Ross Perot Jr., Hillwood’s founder and CEO, recently told a conference that LEED industrial projects were coming, but he didn’t say how soon. If Gateway 52 gets a nod to go green, ground breaks in about 120 days.
Karr says Hillwood already incorporates many LEED standards into its designs although they aren’t certified, including the 120,000-sf Heritage II office building now under construction along Heritage Trace Parkway. That too could happen with upcoming industrial projects, but the long-range goal is to get LEED-certified industrial space on the ground in Texas. The USGBC is reconsidering industrial standards; Hillwood already has had input via a web conference.
“If it makes economic sense, we’ll do it,” Karr says. “We can do it now and be the leader or do it later and play catch up. We don’t like to play catch up.”
Hillwood already uses white roofs and buildings to reflect heat. It also buys green power. The new considerations are high slotted windows outfitted with interior shelves to direct light onto white roof decks that redirect rays into the workspace, drip irrigation and Xeriscaping, which relies on native plants instead of green turf that requires extensive watering to survive the Texas heat. Hillwood also has opened discussions with a Colorado company to explore photovoltaics or solar panels for its industrial buildings. It’s cost prohibitive now, but maybe not in the future, Karr says. And like other environmentally conscious users, Hillwood is reviewing the 24/7 lighting schedule for select areas. “There is a lot as a developer that we can do to drive sustainability without spending money,” he adds.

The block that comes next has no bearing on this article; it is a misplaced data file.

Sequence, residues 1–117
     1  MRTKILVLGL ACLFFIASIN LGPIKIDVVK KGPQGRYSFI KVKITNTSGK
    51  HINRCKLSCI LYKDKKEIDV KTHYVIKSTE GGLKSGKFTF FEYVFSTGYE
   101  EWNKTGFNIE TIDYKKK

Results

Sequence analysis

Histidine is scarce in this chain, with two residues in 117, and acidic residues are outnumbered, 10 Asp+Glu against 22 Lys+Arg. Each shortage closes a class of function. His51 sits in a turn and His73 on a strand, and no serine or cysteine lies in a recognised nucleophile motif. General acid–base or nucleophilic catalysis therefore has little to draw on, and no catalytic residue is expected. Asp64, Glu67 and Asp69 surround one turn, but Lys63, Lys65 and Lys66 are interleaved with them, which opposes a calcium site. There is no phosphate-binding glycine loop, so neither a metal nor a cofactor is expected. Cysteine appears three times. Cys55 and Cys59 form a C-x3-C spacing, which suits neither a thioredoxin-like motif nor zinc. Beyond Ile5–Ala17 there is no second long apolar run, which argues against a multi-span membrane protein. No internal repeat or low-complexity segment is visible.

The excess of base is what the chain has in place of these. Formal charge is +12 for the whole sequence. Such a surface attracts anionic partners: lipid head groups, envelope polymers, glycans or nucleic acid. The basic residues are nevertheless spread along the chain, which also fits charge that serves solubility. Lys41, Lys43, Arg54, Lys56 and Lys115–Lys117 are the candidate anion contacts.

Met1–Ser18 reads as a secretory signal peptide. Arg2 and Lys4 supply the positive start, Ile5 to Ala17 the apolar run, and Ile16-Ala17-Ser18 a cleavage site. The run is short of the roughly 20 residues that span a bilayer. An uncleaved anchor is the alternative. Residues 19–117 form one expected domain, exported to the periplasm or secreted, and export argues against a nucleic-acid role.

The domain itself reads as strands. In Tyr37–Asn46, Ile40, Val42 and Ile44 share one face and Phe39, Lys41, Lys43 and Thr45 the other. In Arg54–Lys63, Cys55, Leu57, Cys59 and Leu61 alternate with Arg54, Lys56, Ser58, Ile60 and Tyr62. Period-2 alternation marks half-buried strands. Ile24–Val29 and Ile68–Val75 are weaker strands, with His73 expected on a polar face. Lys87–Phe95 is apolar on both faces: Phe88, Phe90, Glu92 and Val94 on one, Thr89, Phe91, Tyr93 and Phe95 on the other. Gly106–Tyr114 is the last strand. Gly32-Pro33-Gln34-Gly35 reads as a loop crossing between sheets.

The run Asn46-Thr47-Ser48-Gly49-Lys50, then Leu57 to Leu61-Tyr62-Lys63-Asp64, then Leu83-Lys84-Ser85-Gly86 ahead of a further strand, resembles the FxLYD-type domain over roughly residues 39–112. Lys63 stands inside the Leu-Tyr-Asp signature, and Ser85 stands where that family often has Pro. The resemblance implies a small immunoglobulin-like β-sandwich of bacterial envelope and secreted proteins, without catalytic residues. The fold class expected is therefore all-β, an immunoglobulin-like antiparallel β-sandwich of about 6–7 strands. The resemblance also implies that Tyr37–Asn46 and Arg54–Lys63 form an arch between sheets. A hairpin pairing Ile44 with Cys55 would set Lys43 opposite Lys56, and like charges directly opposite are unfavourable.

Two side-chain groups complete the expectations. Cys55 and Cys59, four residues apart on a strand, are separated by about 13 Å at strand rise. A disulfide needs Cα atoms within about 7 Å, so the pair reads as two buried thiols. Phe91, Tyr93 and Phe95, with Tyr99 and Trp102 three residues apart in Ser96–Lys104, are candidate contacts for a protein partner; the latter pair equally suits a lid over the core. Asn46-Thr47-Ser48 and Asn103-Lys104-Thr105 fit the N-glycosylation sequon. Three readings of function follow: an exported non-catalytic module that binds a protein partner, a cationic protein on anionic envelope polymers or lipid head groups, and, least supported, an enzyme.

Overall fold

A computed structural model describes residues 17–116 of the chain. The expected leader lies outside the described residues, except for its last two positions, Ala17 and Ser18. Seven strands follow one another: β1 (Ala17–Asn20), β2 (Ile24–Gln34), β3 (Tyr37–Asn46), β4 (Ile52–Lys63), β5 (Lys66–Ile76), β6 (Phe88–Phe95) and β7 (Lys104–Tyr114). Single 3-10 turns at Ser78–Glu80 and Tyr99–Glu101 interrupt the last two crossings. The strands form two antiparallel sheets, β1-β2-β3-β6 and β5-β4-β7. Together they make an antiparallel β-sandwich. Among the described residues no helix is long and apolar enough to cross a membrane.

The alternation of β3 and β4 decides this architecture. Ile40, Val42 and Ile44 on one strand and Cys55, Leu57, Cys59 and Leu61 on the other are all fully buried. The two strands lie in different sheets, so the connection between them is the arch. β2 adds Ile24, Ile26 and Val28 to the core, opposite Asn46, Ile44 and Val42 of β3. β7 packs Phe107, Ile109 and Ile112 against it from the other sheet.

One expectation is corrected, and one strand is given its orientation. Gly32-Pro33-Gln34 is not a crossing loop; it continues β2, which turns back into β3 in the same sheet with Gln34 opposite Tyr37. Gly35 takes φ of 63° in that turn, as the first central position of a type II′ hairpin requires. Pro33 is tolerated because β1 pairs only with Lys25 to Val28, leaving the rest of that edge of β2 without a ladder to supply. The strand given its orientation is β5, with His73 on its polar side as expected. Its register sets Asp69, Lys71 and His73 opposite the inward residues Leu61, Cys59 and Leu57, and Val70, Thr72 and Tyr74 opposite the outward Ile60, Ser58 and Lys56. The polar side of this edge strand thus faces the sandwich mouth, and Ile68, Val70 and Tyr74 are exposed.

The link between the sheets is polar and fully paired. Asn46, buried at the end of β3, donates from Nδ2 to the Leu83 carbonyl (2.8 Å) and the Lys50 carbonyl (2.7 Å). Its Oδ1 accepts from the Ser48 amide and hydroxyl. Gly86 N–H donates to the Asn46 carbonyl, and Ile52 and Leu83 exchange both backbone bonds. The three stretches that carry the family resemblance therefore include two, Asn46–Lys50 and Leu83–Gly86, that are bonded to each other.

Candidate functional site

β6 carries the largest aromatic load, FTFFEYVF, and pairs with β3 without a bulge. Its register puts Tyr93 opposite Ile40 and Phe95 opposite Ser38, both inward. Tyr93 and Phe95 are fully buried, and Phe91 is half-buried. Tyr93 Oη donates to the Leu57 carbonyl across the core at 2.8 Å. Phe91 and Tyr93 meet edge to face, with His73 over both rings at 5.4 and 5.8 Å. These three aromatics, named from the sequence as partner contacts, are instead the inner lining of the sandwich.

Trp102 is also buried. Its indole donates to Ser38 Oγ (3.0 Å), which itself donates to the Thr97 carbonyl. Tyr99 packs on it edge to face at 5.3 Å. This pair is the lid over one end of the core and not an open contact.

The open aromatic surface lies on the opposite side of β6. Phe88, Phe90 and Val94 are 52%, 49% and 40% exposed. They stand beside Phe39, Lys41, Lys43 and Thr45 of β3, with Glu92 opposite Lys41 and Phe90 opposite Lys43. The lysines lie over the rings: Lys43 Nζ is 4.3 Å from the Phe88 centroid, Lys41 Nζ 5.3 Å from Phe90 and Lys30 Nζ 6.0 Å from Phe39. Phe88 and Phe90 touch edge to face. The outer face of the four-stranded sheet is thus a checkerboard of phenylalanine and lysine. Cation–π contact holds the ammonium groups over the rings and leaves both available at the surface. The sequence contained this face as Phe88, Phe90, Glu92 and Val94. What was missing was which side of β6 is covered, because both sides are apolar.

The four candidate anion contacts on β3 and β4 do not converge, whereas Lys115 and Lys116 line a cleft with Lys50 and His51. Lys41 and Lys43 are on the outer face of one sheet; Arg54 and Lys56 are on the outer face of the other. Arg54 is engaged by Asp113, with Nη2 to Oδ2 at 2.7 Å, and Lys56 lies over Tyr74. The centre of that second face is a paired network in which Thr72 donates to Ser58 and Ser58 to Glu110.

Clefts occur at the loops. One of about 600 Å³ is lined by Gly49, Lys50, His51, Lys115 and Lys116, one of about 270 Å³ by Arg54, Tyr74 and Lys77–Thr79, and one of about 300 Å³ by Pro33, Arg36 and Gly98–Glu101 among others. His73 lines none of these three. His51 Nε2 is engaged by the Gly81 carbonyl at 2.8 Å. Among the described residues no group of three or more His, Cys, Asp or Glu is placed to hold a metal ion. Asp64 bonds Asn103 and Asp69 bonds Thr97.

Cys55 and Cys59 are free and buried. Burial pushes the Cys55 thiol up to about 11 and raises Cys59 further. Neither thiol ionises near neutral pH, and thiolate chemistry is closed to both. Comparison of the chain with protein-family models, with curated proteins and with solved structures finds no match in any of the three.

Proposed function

A recent panel, sponsored by the North Texas NAIOP chapter, focused on LEED certification and green initiatives in the region. By 2012, at least 50 buildings owned by the City of Dallas will be LEED certified, says Jill Jordan, assistant city manager.
Jerrold P. Lea, senior vice president for Houston-based Hines, says it costs $150,000 to $200,000 per building for consultants, fees and documents costs to get the LEED blessing, but the upside is buildings lease faster at premium rents. And, there’s another premium at the closing table when it’s time to exit, he says.
It’s no secret in the industry that Gerald D. Hines has called for all of his company’s ground-up office projects to be LEED certified going forward. His joint venture with Hillwood for One Victory Park is the only silver LEED-CS building in Dallas.
The 450,000-sf high rise is laced with harmonic mitigating transformers, under-floor wiring and air systems and floor grills so employees can control temperatures in their personal work spaces. “We’re not doing these things so we can get LEED certification. These are the things that tenants care about,” Lea says. “If we do these things, we can get LEED as a byproduct.”
Fuller and Karr concur that more and more tenants are inquiring about the LEED ratings, including finish-outs. The rapidly rising cost of energy, with no end in sight, is the motive. Karr says the average is 5% to 10% greater efficiencies and in some cases, more.
“People are looking at energy usage in a way they didn’t before,” Karr says. And if they aren’t, he says “it may take us as a developer to guide the tenant toward those decisions.”
Karr admits it’s not easy for industrial certification, given the present standards. That’s why he’s set up a task force of consultants and subcontractors, the muscle that built Hillwood’s bricks and mortar. Effectively, it’s a working classroom for all to learn together about going green. “Do we know how to do it–no. Will we know how to do it–yes. Will we know how to do it before everyone else does–probably yes,” Karr says. “We’re committed to sustainable projects and we’re going to do it.”